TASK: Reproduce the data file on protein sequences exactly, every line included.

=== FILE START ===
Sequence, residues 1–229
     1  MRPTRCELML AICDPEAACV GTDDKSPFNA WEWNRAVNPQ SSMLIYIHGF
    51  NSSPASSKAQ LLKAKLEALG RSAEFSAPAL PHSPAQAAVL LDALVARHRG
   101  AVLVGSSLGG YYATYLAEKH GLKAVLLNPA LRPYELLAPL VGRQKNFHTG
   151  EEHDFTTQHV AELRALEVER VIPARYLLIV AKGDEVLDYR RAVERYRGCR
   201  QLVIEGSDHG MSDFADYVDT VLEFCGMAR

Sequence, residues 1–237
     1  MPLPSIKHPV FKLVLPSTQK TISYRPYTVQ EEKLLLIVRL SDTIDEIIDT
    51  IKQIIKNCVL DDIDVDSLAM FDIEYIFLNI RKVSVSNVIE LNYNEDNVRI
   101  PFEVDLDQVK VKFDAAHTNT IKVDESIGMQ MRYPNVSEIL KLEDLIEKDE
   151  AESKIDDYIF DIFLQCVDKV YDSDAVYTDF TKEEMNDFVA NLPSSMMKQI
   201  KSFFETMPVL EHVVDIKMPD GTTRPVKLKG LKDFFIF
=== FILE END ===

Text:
Sequence, residues 1–229
     1  MRPTRCELML AICDPEAACV GTDDKSPFNA WEWNRAVNPQ SSMLIYIHGF
    51  NSSPASSKAQ LLKAKLEALG RSAEFSAPAL PHSPAQAAVL LDALVARHRG
   101  AVLVGSSLGG YYATYLAEKH GLKAVLLNPA LRPYELLAPL VGRQKNFHTG
   151  EEHDFTTQHV AELRALEVER VIPARYLLIV AKGDEVLDYR RAVERYRGCR
   201  QLVIEGSDHG MSDFADYVDT VLEFCGMAR

Sequence, residues 1–237
     1  MPLPSIKHPV FKLVLPSTQK TISYRPYTVQ EEKLLLIVRL SDTIDEIIDT
    51  IKQIIKNCVL DDIDVDSLAM FDIEYIFLNI RKVSVSNVIE LNYNEDNVRI
   101  PFEVDLDQVK VKFDAAHTNT IKVDESIGMQ MRYPNVSEIL KLEDLIEKDE
   151  AESKIDDYIF DIFLQCVDKV YDSDAVYTDF TKEEMNDFVA NLPSSMMKQI
   201  KSFFETMPVL EHVVDIKMPD GTTRPVKLKG LKDFFIF